Just as you want to have meaningful gospel conversations throughout the day with your kids, you want to pray with them and for them as well. Think about the opportunities you have each day, such as in the car on the way to school and as part of your bedtime routine, and use some of that time to pray together.
Steve Larson says
Thanks for your article. I found it very thoughtful and encouraging.
As the parent of three kids in their 30s who are walking with Jesus and have married spouses who walk with Jesus. I would say that your number 6 is the number 1 in my list. Modeling is how disciples catch the faith. Paul understood this (1 Cor 11.1, Philippians 3:17, 4:9, 1 Thess 1:6-8. The challenge I give to parents is that you can’t lead your children if you’re not going there. I saw my dad every evening in a living room chair with his Bible and his journal. That spoke more to me than anything he could have said. He loved God’s Word and he built that into my life. I tried to set that same example to my kids and they are now passing it on to the next generation. When I look at Deuteronomy 6:4-9, I see that if you don’t get the first command right (love God with everything!) nothing else you do will be of much consequence.
Brian Dembowczyk says
Thanks for sharing, Steve! I agree that modeling it is critical!
Mary Carver says
Hi, Brian! Thank you for these practical tips. I always need to be reminded to stop being a general! 🙂 I work for ForEveryMom.com, a Christian parenting site, and I know our readers would be encouraged by this article just as I was. Would you allow us to republish it on our site? We’d give you full credit as author, link back to the original post, and include your bio and head shot. What do you think? Please let me know if you have any questions and if you’re interested. Thank you!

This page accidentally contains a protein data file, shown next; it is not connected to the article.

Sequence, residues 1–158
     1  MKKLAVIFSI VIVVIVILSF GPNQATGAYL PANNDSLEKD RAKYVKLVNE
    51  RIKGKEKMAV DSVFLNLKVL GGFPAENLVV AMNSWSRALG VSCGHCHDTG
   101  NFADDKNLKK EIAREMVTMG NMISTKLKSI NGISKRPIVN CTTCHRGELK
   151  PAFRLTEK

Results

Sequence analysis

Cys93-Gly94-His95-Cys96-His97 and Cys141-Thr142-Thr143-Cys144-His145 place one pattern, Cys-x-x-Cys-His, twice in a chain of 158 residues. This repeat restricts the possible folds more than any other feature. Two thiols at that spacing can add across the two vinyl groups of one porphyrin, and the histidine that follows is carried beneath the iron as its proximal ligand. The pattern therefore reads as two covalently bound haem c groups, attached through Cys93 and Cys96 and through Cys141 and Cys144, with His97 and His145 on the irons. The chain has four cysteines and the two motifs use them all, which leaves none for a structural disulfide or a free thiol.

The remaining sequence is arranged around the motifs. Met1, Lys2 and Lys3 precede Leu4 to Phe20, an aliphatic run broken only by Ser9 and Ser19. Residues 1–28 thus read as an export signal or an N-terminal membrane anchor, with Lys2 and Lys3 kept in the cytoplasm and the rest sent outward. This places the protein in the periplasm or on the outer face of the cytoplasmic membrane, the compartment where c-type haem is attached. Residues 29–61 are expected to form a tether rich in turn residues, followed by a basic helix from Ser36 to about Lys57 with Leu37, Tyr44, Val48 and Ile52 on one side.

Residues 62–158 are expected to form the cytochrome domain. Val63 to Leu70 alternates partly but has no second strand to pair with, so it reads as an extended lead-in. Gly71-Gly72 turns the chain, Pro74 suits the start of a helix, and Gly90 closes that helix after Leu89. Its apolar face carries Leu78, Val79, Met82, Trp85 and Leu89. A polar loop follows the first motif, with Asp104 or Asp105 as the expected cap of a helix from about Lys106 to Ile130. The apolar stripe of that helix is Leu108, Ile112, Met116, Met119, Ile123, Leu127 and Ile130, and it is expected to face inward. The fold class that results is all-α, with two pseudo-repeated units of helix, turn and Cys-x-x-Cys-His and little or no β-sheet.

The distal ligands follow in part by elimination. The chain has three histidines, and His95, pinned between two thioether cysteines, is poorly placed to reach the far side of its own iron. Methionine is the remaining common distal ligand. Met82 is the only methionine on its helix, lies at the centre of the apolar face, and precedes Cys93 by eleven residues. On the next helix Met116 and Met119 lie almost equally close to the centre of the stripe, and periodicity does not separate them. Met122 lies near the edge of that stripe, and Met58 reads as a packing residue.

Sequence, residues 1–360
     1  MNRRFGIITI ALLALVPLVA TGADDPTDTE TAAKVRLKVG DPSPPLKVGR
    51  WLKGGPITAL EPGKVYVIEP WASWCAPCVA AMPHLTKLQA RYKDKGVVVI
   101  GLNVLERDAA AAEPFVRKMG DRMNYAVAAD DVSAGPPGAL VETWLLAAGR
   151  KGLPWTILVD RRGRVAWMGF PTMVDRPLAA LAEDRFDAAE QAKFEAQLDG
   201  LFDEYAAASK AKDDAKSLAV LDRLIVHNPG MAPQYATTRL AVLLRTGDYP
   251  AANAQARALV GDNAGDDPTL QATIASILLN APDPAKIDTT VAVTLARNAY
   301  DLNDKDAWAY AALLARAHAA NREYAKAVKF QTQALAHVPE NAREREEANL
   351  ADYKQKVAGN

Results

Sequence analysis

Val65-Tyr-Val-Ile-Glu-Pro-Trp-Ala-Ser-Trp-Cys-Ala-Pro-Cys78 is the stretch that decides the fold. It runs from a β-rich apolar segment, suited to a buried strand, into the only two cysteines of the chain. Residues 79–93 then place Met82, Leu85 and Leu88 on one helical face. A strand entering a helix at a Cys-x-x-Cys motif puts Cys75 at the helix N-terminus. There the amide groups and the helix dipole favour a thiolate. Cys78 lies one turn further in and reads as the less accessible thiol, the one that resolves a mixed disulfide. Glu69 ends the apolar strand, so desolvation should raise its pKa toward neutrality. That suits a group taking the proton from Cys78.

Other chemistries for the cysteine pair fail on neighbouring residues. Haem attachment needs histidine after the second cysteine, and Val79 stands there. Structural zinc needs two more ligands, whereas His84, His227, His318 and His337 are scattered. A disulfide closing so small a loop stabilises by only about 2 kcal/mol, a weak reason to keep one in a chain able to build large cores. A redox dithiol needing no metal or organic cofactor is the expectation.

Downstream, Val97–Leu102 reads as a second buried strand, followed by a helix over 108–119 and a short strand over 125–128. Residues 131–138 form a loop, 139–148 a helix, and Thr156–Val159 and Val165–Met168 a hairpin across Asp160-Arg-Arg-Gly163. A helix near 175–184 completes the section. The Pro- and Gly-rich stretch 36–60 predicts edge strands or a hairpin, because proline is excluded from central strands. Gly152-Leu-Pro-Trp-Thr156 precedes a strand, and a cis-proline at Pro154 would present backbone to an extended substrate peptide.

Brian Dembowczyk says
Glad it was helpful! You certainly may post it! Thanks for asking.
Thank you for this! Perfect timing ❤️
Catherine Katarihwa says
Wow,what an amazing practical way of helping Children under my care!! Am so glad I read this. Thanks Brian!!
Mel Walker says
Brian, I love your article and found it to be very practical & beneficial. Can I ask you a serious question about a statement you made? You state, “God designed parents to be the primary disciplers” of their kids; and your article cites Deut. 6 (great text on the importance of teaching and modeling Scripture of course!!!). I’m wondering about your use of the word “disciplers” here. The Bible seems to make a distinction between parenting and discipling. In the NT, disciplers were always OTHER influential adult teachers (like Christ, the Apostle Paul, and us – Matt. 28:19-20! Parents are certainly incredibly important (Eph. 6:4 & 2 Timothy 3:15). Do you think that it is really Biblical to say that parents are the primary disciplers of their children? And what do you do with Luke 14:16 in regard to this discussion? Thanks so much. Again, good work here.
Brian Dembowczyk says
Thanks for reading the article and for asking about it, Mel.
I would be careful to infer from Scripture that discipling and parenting are mutually exclusive. They are different, because discipling does not require parenting, but parenting requires discipling. Discipling is something every believer should do—even those who are not parents. But all Christian parents should disciple their kids in addition to their other parenting responsibilities and privileges (e.g. feeding, clothing).
When we study the Scriptures through the lens of parents discipling, we have to keep in mind that the Bible is not primarily a parenting manual–so it will not give many of the specifics we might want. But reading Dt 6, several Psalms, the epistles, households coming to faith in Acts, Timothy’s background, etc. gives us a pretty clear picture that parents are to teach and train their children about God—to disciple them. The Bible places so much weight on relationships in the home (marriage and parenting) and many would see the church as a family of families for this reason. Those relationships are primary. (Note that the qualifications of being a pastor concern how he is in the home more than his ability to preach.)